Engaging With a Recruiter? Here are Some Tips:


We recommend that you discuss each point with the recruiter or search firm to make sure that you are have a clear understanding of their position, policies and procedures throughout your engagement with them. By following these pointers you’ll be a better-informed candidate and able to identify the types of recruiters and staffing firms many try to avoid.


If you’re currently employed and agree to be a candidate, please keep in mind, you may be putting yourself at risk with your current employer or clients if you’re self-employed. Reputable firms and individual recruiters will take the necessary precautions to ensure that confidentiality is maintained at all times.

Talent Tips – ask the recruiter:

  • To always get your prior approval before presenting your information to any of their clients
  • Follow an agreeable format for communication that works best for you – email, phone, etc. You must provide the recruiter with the contact information you would like for them to use
  • Not to contact references provided by you without your permission, or use your references for any other purpose other than a reference check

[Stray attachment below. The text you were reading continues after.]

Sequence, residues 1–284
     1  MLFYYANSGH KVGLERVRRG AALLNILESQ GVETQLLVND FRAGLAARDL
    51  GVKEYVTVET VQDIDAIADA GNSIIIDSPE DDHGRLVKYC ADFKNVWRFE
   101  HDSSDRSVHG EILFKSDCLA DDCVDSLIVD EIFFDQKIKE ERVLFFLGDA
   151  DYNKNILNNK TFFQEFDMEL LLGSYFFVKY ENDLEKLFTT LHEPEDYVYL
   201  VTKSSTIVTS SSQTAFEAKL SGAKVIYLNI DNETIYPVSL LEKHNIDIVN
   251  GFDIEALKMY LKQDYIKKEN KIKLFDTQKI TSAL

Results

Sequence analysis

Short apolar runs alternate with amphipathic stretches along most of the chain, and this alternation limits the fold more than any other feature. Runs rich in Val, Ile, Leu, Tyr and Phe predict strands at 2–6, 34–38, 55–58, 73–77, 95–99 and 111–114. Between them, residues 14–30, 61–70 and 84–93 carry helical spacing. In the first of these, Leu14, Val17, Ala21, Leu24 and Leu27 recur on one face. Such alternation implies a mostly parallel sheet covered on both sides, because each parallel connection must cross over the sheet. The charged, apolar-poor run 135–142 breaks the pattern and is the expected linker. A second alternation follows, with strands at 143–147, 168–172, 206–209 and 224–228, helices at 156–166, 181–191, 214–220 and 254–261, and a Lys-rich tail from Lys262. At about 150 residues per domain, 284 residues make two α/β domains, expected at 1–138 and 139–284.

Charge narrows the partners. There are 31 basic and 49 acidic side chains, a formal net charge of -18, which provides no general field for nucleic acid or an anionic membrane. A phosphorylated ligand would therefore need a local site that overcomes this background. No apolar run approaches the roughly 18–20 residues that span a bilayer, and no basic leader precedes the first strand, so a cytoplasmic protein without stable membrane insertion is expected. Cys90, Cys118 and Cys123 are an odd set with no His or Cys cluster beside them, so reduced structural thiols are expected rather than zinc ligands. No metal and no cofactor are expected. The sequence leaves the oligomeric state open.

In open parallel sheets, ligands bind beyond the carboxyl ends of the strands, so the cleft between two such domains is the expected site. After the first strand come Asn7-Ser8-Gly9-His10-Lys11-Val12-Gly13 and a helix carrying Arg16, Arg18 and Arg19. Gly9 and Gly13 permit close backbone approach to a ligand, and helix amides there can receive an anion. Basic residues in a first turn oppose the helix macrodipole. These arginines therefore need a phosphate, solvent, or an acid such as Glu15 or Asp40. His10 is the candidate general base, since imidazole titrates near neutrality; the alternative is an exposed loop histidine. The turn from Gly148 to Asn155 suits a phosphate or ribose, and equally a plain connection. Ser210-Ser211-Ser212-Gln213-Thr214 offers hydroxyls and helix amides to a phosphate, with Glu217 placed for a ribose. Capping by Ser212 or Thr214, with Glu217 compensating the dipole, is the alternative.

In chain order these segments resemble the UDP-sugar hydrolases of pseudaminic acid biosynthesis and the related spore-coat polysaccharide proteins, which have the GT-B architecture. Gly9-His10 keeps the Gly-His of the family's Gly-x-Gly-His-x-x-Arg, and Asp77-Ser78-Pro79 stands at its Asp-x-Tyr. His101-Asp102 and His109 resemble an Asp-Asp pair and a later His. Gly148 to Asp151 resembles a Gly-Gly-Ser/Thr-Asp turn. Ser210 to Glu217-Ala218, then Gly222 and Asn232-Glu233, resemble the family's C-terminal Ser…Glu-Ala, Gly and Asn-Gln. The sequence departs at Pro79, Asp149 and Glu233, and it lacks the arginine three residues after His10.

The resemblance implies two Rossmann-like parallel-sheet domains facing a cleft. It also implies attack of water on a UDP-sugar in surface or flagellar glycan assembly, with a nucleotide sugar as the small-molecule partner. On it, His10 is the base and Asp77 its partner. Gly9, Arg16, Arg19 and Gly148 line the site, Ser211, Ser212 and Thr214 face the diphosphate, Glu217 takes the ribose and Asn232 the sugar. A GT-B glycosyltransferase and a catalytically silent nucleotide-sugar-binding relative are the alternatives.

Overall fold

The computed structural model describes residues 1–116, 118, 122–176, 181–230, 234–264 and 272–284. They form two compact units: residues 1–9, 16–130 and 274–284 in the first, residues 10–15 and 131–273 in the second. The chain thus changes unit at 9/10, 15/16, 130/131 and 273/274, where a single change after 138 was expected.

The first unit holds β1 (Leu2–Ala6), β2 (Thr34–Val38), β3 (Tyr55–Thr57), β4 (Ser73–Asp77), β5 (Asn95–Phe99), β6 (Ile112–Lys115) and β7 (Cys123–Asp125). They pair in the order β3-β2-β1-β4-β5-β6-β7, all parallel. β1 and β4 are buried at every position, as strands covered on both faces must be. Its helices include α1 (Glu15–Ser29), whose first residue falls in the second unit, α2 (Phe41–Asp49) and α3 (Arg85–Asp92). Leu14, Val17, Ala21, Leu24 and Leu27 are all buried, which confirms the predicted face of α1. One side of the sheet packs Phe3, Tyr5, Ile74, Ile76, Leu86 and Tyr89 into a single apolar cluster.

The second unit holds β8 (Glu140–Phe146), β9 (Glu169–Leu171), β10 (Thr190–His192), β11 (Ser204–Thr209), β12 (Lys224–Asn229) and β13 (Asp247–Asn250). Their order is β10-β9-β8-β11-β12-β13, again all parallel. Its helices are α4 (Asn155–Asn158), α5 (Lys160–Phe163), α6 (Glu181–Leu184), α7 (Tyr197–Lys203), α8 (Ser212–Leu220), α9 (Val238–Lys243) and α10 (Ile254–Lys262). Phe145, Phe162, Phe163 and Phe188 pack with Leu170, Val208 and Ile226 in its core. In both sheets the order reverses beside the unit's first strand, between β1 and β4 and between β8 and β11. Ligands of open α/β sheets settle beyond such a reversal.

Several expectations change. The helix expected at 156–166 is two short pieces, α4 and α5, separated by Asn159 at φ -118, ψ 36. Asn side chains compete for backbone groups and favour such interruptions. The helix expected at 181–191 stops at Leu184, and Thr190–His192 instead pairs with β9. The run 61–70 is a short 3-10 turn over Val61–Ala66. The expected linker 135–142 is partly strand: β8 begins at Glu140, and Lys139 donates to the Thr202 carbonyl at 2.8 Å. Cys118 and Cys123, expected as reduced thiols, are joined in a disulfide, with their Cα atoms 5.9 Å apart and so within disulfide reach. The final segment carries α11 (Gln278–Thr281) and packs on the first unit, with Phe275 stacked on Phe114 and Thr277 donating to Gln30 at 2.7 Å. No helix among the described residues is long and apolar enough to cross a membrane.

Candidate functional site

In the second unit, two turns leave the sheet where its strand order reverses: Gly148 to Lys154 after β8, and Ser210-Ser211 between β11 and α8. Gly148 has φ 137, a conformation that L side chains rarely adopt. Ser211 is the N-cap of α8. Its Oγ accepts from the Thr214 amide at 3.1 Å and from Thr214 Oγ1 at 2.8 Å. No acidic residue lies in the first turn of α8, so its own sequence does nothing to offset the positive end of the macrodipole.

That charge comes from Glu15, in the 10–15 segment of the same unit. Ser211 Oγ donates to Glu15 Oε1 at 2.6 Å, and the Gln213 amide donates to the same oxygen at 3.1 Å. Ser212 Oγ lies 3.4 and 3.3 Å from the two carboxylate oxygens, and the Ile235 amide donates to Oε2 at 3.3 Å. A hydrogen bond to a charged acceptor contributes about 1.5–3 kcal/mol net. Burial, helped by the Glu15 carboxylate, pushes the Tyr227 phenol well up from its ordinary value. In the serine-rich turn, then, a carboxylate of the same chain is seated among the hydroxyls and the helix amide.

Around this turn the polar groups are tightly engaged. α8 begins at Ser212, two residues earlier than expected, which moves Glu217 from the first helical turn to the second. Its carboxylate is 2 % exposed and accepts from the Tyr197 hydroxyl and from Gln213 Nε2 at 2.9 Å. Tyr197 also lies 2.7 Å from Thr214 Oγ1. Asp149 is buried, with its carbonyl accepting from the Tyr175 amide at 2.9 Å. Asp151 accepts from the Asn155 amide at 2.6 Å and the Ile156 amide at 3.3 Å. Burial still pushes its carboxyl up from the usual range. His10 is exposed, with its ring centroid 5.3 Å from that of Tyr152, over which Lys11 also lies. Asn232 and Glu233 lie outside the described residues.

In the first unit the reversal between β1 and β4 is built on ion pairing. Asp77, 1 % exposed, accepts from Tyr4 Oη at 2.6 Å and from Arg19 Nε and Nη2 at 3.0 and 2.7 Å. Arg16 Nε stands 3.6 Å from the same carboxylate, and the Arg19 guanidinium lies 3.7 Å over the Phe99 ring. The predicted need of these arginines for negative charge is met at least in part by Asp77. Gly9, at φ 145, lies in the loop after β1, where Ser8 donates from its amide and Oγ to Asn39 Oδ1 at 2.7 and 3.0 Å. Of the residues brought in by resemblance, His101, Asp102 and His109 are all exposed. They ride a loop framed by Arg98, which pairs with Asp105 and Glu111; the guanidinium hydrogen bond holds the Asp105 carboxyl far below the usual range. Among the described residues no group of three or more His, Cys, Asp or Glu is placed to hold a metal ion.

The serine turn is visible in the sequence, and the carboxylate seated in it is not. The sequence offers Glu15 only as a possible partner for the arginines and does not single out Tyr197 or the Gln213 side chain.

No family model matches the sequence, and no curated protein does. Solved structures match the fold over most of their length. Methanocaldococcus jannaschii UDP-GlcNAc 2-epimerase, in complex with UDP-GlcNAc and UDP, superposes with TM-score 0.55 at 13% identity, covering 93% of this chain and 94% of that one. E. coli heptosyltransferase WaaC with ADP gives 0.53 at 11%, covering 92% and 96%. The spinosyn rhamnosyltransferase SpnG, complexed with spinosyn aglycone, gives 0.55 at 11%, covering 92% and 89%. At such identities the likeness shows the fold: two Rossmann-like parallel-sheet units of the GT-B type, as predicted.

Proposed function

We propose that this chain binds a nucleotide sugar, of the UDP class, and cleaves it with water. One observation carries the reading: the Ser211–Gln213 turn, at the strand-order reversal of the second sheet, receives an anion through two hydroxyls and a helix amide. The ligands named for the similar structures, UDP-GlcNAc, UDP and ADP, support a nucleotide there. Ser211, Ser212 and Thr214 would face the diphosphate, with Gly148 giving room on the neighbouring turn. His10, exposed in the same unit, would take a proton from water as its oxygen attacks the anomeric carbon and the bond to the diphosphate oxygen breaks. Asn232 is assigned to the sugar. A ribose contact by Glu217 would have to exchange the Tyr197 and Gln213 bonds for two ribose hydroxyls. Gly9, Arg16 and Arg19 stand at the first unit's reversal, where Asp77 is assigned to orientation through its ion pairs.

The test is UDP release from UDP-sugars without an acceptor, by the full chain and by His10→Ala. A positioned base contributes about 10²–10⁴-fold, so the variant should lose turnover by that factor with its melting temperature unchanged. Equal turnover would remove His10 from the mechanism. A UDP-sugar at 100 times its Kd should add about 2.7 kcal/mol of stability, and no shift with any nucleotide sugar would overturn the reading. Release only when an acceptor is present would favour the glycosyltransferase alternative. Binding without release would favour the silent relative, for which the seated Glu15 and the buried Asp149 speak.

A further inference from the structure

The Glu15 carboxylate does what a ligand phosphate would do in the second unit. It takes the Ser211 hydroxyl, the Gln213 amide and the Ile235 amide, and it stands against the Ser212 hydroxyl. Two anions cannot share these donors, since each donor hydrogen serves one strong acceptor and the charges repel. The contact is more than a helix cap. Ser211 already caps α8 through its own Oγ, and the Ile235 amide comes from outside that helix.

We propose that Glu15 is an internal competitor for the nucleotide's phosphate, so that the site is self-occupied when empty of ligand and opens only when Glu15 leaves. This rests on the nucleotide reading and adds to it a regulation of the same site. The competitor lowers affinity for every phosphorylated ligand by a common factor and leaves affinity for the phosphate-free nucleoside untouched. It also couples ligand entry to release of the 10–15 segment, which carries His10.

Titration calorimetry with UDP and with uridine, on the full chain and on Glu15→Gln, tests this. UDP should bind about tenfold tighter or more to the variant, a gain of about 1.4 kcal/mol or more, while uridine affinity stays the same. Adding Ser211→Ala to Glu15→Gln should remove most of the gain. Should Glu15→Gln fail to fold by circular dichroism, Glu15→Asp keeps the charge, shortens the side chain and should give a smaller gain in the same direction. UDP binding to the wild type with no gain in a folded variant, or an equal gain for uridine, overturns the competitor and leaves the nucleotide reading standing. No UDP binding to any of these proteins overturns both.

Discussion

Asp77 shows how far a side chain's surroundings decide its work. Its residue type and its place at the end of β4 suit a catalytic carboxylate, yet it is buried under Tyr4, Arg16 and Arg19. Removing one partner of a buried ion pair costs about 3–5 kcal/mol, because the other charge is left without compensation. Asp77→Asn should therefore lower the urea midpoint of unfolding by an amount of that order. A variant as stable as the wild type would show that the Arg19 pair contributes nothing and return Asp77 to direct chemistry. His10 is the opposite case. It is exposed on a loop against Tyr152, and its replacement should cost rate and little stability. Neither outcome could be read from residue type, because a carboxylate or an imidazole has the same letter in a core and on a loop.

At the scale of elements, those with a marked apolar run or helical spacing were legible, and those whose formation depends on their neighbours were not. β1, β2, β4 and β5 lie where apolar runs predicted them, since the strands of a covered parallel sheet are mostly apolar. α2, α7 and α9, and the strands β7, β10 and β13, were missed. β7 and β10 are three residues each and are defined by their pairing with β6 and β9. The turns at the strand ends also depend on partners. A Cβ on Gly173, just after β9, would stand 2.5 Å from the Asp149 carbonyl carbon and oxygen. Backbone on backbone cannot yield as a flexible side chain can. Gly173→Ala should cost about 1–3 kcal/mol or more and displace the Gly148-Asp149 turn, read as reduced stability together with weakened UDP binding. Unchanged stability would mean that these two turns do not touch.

• Refrain from discussing or disclosing any details regarding your candidacy with anyone outside of their search firm without your prior consent and knowledge
  • Ask that they request that their client(s) also keep your candidacy confidential

Opportunity Disclosure

Once you’ve been identified as a potential candidate to short-list and proceed with further, you will need more than just the “basic” information in order for you to make your decision. This usually comes after the initial conversation, when you are being evaluated as a potential candidate.

Talent Tips – ask the recruiter:

  • Is this a fulltime role, contract role, or contract to hire? What are the terms of the employment? Who will I be employed and paid by – the client, or the search firm?
  • The details of the position itself hours, role/responsibilities, etc. (make sure you as talent ask plenty of questions)
  • Will any testing or background checks be performed in order for me to move forward as a candidate? (Find out exactly what sort of testing and background check will be performed.)
  • What is the culture/atmosphere of the client’s offices (how well do they know this client and what do they know?)
  • If I am a contractor working onsite for your client, who will my contact be with your firm? Who should I bring any concerns or issues to? What are my opportunities to advance?

Process Details

If you are a short-listed candidate you are entitled to know about timelines, the interview process, and what to expect as things progress. Nobody likes to be kept in limbo, especially during a job search. Good search firms and recruiters communicate in a timely fashion and keep you informed during every step of the process.

 Talent Tips – ask the recruiter:

  • What time frame is the client working on?
  • How many people will I meet and/or interview with before a decision is made?
  • If I have travel and other expenses such as lodging associated with this interview, who will be covering those?
  • What attire should I wear for the interview(s)?